Barrett proposes $1.7 billion Milwaukee budget

NOW: Barrett proposes $1.7 billion Milwaukee budget

MILWAUKEE (CBS 58) -- Milwaukee Mayor Tom Barrett proposed a $1.7 billion budget for the city next year.

City fees will not increase, but the average homeowner will see a $33 increase on their property tax bills.

Barrett said American Rescue Plan funds from Congress are key to stave off cuts to vital services, but he also warned this budget is the calm before the storm.

"We've put ARPA dollars into the police department, the fire department, the health department, the public works department," said Barrett.

He said that federal money will prevent more cuts to city services. Six million-dollars will pay for 195 new police officers, although the department's overall budget will be smaller than in 2021. Barrett blames that on dwindling money from the state.

"We're the ones who hire the police, so how can they say they support the police and not give us any money to hire police?" said Barrett.

He said the fire department will be fully funded and will support private ambulance companies struggling to operate.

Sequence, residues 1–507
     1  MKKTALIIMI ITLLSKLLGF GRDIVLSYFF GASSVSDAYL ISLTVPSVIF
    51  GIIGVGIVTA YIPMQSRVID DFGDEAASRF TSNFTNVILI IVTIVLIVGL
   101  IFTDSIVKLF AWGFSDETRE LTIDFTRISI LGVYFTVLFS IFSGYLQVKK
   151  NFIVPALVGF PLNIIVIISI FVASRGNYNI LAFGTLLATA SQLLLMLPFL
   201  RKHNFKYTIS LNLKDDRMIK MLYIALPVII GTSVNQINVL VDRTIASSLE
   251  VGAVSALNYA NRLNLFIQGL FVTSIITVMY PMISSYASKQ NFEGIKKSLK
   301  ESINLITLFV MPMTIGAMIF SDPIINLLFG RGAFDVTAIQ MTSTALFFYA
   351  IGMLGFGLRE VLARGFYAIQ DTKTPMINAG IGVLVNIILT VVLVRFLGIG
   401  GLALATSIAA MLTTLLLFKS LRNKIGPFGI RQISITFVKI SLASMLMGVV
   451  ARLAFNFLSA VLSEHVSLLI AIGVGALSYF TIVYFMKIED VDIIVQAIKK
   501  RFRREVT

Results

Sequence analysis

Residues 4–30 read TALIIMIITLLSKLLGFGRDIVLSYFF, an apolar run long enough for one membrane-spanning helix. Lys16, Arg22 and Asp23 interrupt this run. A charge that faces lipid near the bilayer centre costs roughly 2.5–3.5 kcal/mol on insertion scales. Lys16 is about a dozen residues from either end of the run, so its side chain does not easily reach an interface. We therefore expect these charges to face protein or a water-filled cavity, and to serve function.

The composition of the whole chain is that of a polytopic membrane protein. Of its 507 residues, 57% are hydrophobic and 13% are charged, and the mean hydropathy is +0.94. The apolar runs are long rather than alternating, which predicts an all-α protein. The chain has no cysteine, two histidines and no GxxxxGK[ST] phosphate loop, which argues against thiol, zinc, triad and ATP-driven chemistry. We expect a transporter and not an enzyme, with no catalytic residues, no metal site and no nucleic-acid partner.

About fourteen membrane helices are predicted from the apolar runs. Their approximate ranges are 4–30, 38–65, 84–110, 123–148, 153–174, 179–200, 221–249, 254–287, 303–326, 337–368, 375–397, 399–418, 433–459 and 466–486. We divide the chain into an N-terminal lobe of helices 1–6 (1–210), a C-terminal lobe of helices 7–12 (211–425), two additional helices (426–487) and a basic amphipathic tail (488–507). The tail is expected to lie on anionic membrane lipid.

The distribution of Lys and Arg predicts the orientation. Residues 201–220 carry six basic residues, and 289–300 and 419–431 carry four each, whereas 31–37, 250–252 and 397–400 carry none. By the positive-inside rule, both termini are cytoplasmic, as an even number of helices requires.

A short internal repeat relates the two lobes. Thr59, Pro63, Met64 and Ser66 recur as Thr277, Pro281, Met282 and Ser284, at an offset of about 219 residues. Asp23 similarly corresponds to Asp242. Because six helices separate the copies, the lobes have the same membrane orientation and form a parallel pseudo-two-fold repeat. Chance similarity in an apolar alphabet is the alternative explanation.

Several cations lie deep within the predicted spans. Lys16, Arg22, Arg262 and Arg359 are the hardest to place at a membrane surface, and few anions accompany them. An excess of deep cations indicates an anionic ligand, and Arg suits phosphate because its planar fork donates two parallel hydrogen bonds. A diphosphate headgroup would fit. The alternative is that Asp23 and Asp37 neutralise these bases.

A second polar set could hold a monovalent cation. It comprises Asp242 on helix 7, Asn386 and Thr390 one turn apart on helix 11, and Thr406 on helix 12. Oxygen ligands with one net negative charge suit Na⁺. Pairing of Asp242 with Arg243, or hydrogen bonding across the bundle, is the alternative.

"The fire department will subsidize the private providers and train emergency responders for the private companies in the coming year," said Barrett.

The other big change he proposed is to consolidate the 911 call taking between fire and police. Finance Committee Chair Alderman Michael Murphy agreed with the mayor's use of federal money.

"If the federal dollars were not being made available, we would be in a much different situation," said Murphy.

He said the council will review the mayor's proposals and make its own changes. But he said without state action on either a sales tax vote, or a funding formula reform, this may be one of the last budgets that doesn't cause the city significant pain.

"Without giving those options to the city of Milwaukee, we are left in a very difficult position financially going forward," said Murphy.

The council has about six weeks to work through the budget.

One must be adopted by Nov. 14.

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